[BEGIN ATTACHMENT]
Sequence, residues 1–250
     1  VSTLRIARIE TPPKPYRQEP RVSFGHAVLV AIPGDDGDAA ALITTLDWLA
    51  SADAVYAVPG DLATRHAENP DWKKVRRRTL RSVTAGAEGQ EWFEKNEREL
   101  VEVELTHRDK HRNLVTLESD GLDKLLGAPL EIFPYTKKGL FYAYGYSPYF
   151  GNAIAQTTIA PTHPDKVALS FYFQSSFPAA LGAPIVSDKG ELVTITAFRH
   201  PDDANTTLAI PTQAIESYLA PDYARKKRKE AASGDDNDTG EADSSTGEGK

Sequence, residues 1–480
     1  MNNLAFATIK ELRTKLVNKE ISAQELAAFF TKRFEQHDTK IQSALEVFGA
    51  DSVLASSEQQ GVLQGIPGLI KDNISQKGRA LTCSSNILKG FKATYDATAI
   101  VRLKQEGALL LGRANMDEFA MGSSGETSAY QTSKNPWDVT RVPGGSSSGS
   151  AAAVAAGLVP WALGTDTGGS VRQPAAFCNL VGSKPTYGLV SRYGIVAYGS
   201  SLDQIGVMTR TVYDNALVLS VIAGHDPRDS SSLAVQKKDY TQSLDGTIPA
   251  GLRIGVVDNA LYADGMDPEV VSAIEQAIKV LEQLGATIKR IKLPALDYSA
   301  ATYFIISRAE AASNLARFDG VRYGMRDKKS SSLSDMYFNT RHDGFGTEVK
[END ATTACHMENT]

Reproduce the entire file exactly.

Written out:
Sequence, residues 1–250
     1  VSTLRIARIE TPPKPYRQEP RVSFGHAVLV AIPGDDGDAA ALITTLDWLA
    51  SADAVYAVPG DLATRHAENP DWKKVRRRTL RSVTAGAEGQ EWFEKNEREL
   101  VEVELTHRDK HRNLVTLESD GLDKLLGAPL EIFPYTKKGL FYAYGYSPYF
   151  GNAIAQTTIA PTHPDKVALS FYFQSSFPAA LGAPIVSDKG ELVTITAFRH
   201  PDDANTTLAI PTQAIESYLA PDYARKKRKE AASGDDNDTG EADSSTGEGK

Sequence, residues 1–480
     1  MNNLAFATIK ELRTKLVNKE ISAQELAAFF TKRFEQHDTK IQSALEVFGA
    51  DSVLASSEQQ GVLQGIPGLI KDNISQKGRA LTCSSNILKG FKATYDATAI
   101  VRLKQEGALL LGRANMDEFA MGSSGETSAY QTSKNPWDVT RVPGGSSSGS
   151  AAAVAAGLVP WALGTDTGGS VRQPAAFCNL VGSKPTYGLV SRYGIVAYGS
   201  SLDQIGVMTR TVYDNALVLS VIAGHDPRDS SSLAVQKKDY TQSLDGTIPA
   251  GLRIGVVDNA LYADGMDPEV VSAIEQAIKV LEQLGATIKR IKLPALDYSA
   301  ATYFIISRAE AASNLARFDG VRYGMRDKKS SSLSDMYFNT RHDGFGTEVK